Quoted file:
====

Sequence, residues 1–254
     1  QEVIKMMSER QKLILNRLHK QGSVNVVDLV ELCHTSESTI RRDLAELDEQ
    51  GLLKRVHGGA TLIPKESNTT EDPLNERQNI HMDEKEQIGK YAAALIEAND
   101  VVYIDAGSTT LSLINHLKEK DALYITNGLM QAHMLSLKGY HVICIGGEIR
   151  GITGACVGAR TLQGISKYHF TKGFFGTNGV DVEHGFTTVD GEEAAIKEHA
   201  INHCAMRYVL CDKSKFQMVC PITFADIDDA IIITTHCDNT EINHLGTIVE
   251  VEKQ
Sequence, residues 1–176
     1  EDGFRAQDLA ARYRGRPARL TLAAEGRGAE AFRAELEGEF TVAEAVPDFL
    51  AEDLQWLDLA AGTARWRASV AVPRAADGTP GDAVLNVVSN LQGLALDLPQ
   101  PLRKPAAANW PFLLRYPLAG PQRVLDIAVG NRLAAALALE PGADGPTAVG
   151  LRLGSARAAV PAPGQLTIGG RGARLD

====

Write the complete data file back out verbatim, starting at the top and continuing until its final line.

Sequence, residues 1–254
     1  QEVIKMMSER QKLILNRLHK QGSVNVVDLV ELCHTSESTI RRDLAELDEQ
    51  GLLKRVHGGA TLIPKESNTT EDPLNERQNI HMDEKEQIGK YAAALIEAND
   101  VVYIDAGSTT LSLINHLKEK DALYITNGLM QAHMLSLKGY HVICIGGEIR
   151  GITGACVGAR TLQGISKYHF TKGFFGTNGV DVEHGFTTVD GEEAAIKEHA
   201  INHCAMRYVL CDKSKFQMVC PITFADIDDA IIITTHCDNT EINHLGTIVE
   251  VEKQ
Sequence, residues 1–176
     1  EDGFRAQDLA ARYRGRPARL TLAAEGRGAE AFRAELEGEF TVAEAVPDFL
    51  AEDLQWLDLA AGTARWRASV AVPRAADGTP GDAVLNVVSN LQGLALDLPQ
   101  PLRKPAAANW PFLLRYPLAG PQRVLDIAVG NRLAAALALE PGADGPTAVG
   151  LRLGSARAAV PAPGQLTIGG RGARLD